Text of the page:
And by the way, Writely is nothing more than a page-at-a-time wiki.




ProWiki http://www.prowiki.com by Helmut Leitner is a fractal wiki

which means that you can have as many nested subwikis as you wish as

at http://www.dorfwiki.org It's a leader in the German speaking

world and perhaps one of the most sophisticated wikis. It can get too

complicated and I wish it had a simpler login. We're using it at our

lab where I appreciate its metadata capabilities such as to create

reports like: http://www.ourculture.info/wiki.cgi?PersonalOutlooks

I'm also using it as an engine for rendering the articles and dealing

with metadata at http://www.myfoodstory.info It's coded in Perl.


TiddlyWiki http://www.tiddlywiki.com is a JavaScript wiki that sits in

a single html page (code and content) and so can be easily emailed to

others and used offline. Inventor Jeremy Ruston is visiting Greg

Wolff, we all met yesterday. An enormous community has developed

around it.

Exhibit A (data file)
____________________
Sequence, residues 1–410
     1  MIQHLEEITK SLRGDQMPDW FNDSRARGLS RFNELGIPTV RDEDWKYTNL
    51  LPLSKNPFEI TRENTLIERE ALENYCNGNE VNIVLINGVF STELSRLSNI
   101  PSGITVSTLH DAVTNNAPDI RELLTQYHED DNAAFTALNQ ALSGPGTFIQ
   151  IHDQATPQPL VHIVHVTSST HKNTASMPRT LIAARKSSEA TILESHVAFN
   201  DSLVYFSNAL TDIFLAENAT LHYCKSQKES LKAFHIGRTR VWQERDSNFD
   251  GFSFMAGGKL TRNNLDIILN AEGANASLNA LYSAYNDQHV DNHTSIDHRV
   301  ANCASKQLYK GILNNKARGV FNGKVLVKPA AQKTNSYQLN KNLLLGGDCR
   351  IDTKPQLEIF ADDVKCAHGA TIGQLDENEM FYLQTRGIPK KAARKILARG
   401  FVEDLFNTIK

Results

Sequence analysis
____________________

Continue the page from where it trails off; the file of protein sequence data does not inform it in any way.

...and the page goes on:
PmWiki http://www.pmwiki.com is written in PHP and also has a lively

community. We used it earlier and I liked its simplicity combined

with a lot of extra functionality that you can add on. It allows for

subwikis one layer deep which is I think enough. It lets you build a

word blacklist which helped us keep spam under control.


PBWiki is used at http://barcamp.org and I like that it has a very

simple log-in that seems to be enough to thwart spambots.


TransLucid http://www.pantha.net organizes pages in the way that

TheBrain does (parent, child, jump). It is good for sites where you

want control over templates so things look nice.


TheBrain http://www.thebrain.com is developing new versions and there

is or will be a SiteBrain available for wiki-like applications.